WASHINGTON — Republican Tea Party forces are rejoicing and the party establishment is somber or altogether silent in the wake of House Majority Leader Eric Cantor's primary defeat at the hands of political neophyte David Brat, an unflinching foe of loosening immigration laws.
Speaker John Boehner praised Cantor as "a good friend and a great leader, and someone I've come to rely upon on a daily basis" in a statement that steered clear of the issue that Brat put at the center of his campaign and has divided the party for years.
Oregon Rep. Greg Walden, the head of the House GOP campaign committee, said Cantor has "been a steadfast leader for our party, and a great friend and mentor for so many House Republicans."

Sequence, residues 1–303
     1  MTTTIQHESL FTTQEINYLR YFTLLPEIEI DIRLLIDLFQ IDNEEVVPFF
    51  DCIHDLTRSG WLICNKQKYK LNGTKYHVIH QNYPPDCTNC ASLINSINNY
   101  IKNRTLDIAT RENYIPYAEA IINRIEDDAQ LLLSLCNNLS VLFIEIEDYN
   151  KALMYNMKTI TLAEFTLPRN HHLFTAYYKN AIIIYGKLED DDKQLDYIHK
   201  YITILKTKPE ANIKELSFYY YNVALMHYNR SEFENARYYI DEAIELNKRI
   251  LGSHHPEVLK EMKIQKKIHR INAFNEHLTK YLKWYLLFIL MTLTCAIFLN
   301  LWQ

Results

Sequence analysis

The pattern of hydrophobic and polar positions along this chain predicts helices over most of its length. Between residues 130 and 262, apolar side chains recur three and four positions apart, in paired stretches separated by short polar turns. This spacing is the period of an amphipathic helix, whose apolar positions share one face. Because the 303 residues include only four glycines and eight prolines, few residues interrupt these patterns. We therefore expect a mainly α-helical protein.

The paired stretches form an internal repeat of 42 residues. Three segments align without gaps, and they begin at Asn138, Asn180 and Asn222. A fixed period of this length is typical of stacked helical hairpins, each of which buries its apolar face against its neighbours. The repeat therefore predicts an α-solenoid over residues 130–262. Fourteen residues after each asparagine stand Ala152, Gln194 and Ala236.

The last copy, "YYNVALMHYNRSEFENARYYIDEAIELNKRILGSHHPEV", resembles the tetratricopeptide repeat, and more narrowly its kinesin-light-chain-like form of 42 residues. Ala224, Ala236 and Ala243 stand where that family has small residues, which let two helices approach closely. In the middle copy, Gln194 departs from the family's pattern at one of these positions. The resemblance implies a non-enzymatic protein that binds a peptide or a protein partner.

Neither man took note of Brat's victory. And party Chairman Reince Priebus, who has spoken of the need to broaden the party's appeal, offered no comment after Cantor's loss at the hands of an underfunded challenger who warned the seven-term incumbent would line up for amnesty for immigrants in the country illegally.
Cantor himself conceded defeat, telling downcast supporters, "Obviously we came up short."